7/3/2012 7:37:36 AM
Stop and ask yourself–right now–are you content? What does it mean to be content? We could use words like satisfied, comfortable, not in need. You can probably think of others.
A Scripture passage on the subject is 1 Timothy 6:8, “But if we have food and clothing, we will be content with that.” “…if we have food and clothing, we will be content,” Paul writes. Oh, really? Have you thought about what that excludes? It excludes a home, a bed, a job, family, friends, education, transportation, entertainment, safety, and the list goes on. And yet Paul writes, “…we will be content.” Is he serious?!
But stop and think. What did Jesus have? We know he had no home. (“The Son of Man had no place to lay his head,” writes Matthew.) He had clothing, but probably only what was on his back. He had food, though he relied on the women who followed and supported him, and even fed himself from fields he was passing through. He didn’t need more than that to do his work here on earth--his work of providing salvation for all mankind. He had a perfect relationship with the Father. He was content.
Okay, you say, but we’re not Jesus! No, we’re not. But when Jesus sent his 12 disciples out, he told them in Luke, “Take nothing for the journey–no staff, no bag, no bread, no money, no extra tunic.” And WE received the same command as they–“Go and make disciples of all nations.”
Do you know what life is like in a third-world country? Have you seen how the great majority of the world’s seven billion souls live? It’s very much like Jesus did. Even most of our fellow-Lutherans around the world live day-by-day, hand-to-mouth, without the bounty with which we are blessed.
And we in America have been GREATLY BLESSED by the Lord. Let’s set aside for a moment our greatest blessing of eternal life and consider just the physical. God has showered on believers and unbelievers alike a super-abundance of earthly gifts–large, sheltering homes; heating and air conditioning; safe, comfortable cars; a mind-numbing array of restaurants, movies, water parks, golf courses, sporting events, museums, TV shows, and more; advanced medical care; vacation time and money; government that provides safety, good order, and freedom; ever-changing fashions. And the list goes on!
But are we–even we Christians–content with all we have? Evidence says no. Why else is there so much stress, such a rat-race, such a push to get more and have more, such a focus on things of this world?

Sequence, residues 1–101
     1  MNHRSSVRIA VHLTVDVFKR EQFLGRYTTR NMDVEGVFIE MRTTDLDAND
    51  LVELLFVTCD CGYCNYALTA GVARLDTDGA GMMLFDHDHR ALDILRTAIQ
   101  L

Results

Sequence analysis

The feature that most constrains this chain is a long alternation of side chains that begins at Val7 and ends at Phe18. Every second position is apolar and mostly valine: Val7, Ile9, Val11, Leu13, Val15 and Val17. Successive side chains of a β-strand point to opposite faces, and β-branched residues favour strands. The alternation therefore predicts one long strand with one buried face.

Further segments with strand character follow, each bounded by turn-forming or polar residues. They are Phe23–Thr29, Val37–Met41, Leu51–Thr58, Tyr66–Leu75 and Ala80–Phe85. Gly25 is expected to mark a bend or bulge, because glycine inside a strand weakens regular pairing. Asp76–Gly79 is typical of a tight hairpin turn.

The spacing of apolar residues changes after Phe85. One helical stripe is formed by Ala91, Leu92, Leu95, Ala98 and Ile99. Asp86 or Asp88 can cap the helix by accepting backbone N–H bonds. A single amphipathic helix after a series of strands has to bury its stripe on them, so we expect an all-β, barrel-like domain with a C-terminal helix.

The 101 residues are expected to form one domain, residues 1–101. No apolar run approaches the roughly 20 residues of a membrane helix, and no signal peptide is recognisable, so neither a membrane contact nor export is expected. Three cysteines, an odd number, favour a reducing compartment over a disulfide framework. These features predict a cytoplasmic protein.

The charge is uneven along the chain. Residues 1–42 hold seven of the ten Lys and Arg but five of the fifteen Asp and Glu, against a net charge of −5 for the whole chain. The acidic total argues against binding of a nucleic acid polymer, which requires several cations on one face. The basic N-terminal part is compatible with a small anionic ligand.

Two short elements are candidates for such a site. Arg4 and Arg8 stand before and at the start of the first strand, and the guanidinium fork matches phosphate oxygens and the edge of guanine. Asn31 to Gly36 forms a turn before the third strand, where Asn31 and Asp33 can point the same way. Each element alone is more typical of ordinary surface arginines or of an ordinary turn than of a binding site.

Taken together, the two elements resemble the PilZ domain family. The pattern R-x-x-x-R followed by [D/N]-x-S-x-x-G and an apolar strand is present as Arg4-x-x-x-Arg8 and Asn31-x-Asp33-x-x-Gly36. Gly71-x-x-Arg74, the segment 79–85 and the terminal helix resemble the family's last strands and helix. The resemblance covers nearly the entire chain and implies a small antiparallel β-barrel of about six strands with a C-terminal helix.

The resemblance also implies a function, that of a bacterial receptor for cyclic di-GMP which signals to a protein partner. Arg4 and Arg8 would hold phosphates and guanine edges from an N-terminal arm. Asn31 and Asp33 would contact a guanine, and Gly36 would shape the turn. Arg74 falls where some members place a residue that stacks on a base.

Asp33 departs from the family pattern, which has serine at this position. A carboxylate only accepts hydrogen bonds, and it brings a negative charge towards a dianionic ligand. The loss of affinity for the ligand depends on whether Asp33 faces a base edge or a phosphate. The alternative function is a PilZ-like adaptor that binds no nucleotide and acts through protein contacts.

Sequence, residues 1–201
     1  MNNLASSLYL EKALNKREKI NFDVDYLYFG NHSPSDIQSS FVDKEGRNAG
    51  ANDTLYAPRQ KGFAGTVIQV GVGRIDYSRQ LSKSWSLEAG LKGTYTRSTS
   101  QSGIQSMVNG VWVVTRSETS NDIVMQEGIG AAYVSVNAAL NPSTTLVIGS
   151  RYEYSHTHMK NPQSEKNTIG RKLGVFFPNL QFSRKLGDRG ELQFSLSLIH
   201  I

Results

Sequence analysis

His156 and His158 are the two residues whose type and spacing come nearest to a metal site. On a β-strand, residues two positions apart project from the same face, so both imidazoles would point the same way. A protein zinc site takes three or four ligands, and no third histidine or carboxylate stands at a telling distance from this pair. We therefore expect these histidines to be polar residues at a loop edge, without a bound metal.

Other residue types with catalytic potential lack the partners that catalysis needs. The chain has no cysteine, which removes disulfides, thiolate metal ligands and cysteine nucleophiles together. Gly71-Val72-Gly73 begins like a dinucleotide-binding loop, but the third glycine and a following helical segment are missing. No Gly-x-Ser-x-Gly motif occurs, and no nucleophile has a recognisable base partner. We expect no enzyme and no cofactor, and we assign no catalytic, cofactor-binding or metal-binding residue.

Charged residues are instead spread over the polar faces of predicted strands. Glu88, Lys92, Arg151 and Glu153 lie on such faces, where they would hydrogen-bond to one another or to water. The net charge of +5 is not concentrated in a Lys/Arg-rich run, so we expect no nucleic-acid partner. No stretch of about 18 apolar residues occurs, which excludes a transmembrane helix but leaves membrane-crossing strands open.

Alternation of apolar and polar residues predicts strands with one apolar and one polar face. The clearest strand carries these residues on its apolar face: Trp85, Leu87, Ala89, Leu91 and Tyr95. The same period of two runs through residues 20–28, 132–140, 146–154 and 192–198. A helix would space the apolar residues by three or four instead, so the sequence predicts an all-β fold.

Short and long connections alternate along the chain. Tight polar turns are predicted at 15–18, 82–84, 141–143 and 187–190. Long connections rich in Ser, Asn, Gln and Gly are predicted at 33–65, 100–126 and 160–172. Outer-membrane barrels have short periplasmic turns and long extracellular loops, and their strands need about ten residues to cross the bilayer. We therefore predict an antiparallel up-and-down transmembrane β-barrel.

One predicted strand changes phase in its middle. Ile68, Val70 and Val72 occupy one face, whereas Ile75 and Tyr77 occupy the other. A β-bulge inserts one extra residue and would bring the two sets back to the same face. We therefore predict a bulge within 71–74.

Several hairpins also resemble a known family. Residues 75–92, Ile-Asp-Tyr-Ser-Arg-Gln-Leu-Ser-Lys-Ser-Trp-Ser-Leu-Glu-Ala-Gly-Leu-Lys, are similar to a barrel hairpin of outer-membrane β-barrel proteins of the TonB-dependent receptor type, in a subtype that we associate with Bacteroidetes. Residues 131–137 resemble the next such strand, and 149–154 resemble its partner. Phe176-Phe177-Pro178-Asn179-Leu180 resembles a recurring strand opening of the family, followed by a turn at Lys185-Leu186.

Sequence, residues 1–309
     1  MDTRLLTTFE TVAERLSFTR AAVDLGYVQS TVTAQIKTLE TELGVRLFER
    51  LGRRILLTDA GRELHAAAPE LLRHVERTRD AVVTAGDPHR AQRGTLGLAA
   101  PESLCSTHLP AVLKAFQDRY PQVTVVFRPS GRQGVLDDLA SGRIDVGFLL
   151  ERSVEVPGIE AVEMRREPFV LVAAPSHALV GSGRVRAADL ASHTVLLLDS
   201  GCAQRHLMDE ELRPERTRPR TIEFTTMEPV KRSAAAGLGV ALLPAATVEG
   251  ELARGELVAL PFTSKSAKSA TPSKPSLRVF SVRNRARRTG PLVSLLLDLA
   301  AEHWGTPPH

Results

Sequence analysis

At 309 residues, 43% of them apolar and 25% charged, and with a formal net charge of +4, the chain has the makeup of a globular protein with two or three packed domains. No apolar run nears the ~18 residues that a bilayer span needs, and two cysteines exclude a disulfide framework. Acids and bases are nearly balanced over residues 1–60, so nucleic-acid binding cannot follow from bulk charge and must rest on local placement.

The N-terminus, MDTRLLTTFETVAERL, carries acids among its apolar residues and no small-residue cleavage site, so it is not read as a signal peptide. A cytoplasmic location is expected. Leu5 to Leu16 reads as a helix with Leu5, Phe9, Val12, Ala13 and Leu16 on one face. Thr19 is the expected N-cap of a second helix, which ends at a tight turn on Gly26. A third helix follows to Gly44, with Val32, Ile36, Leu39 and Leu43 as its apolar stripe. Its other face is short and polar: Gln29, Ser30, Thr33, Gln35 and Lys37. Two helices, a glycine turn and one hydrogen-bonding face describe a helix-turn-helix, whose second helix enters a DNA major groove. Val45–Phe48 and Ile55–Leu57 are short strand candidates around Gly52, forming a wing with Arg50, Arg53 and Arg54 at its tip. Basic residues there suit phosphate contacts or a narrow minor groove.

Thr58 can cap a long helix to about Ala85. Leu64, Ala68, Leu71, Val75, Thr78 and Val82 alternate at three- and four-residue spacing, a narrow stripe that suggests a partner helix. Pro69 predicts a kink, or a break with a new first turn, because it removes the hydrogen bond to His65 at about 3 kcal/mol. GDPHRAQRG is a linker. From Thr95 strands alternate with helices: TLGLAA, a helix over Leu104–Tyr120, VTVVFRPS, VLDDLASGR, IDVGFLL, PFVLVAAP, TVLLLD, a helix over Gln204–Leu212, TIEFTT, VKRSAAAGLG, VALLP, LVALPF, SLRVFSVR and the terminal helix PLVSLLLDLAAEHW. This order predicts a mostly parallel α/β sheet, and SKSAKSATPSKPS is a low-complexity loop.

When we truly recognize the bountiful blessings God has given even the poorest of us, we see we really don’t need more. “Godliness with contentment is great gain,” Paul said to Timothy. The writer to the Hebrews says, “Keep your lives free from the love of money and be content with what you have.” Paul wrote the Philippians, “I have learned the secret of being content….I can do all things through Christ who gives me strength,”–and this while he was imprisoned. And there’s the key—our relationship with Jesus.
When we are content, the focus of our lives isn’t on the earthly, but on things eternal. Remember the passage in Matthew? “For where your treasure is, there will your heart be also.” When we are freed from worry about “what we will eat or what we will wear”, then we have the time, energy, money, and desire to work for that which has lasting value–the spread of the gospel right among our family and acquaintances, and all the way to parts of the world we will never see, people we will never meet till we meet at Jesus’ feet. Paul wrote the Corinthians, “For our light and momentary troubles are achieving for us an eternal glory that far outweighs them all.” So we fix our eyes not on what is seen, but on what is unseen, for what is seen is temporary, but what is unseen is eternal.
So be content with what you have. Live life, not in the earthly present, but in the eternal future glory of heaven. Be content with your circumstances–after all, God knows what you need and has promised to provide it. He has given you the spiritual task of sharing the gospel, and that’s where he wants your focus–“Fix your eyes on Jesus!”
Lord Jesus, thank you for the countless blessing you give me. Keep my focus on you, so that my other priorities fall into proper place. Help me share you with the people you put in my life each day, and show me ways I can support others working full-time to spread the gospel. Give them unflagging zeal, and uphold them by your power. Amen.